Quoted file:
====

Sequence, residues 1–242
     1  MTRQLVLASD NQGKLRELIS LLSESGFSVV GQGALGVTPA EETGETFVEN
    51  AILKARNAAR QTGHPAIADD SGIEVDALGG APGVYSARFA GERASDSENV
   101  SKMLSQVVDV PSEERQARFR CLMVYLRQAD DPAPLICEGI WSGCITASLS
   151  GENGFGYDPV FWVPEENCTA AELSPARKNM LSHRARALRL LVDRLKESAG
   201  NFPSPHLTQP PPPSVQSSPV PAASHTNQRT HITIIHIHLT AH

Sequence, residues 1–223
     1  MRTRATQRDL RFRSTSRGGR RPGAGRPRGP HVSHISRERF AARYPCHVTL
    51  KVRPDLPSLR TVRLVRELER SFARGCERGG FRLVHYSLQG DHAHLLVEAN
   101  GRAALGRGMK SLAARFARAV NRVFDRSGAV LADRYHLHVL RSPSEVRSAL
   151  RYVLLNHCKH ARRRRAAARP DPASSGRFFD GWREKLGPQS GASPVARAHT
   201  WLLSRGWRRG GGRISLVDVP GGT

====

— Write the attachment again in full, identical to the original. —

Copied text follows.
Sequence, residues 1–242
     1  MTRQLVLASD NQGKLRELIS LLSESGFSVV GQGALGVTPA EETGETFVEN
    51  AILKARNAAR QTGHPAIADD SGIEVDALGG APGVYSARFA GERASDSENV
   101  SKMLSQVVDV PSEERQARFR CLMVYLRQAD DPAPLICEGI WSGCITASLS
   151  GENGFGYDPV FWVPEENCTA AELSPARKNM LSHRARALRL LVDRLKESAG
   201  NFPSPHLTQP PPPSVQSSPV PAASHTNQRT HITIIHIHLT AH

Sequence, residues 1–223
     1  MRTRATQRDL RFRSTSRGGR RPGAGRPRGP HVSHISRERF AARYPCHVTL
    51  KVRPDLPSLR TVRLVRELER SFARGCERGG FRLVHYSLQG DHAHLLVEAN
   101  GRAALGRGMK SLAARFARAV NRVFDRSGAV LADRYHLHVL RSPSEVRSAL
   151  RYVLLNHCKH ARRRRAAARP DPASSGRFFD GWREKLGPQS GASPVARAHT
   201  WLLSRGWRRG GGRISLVDVP GGT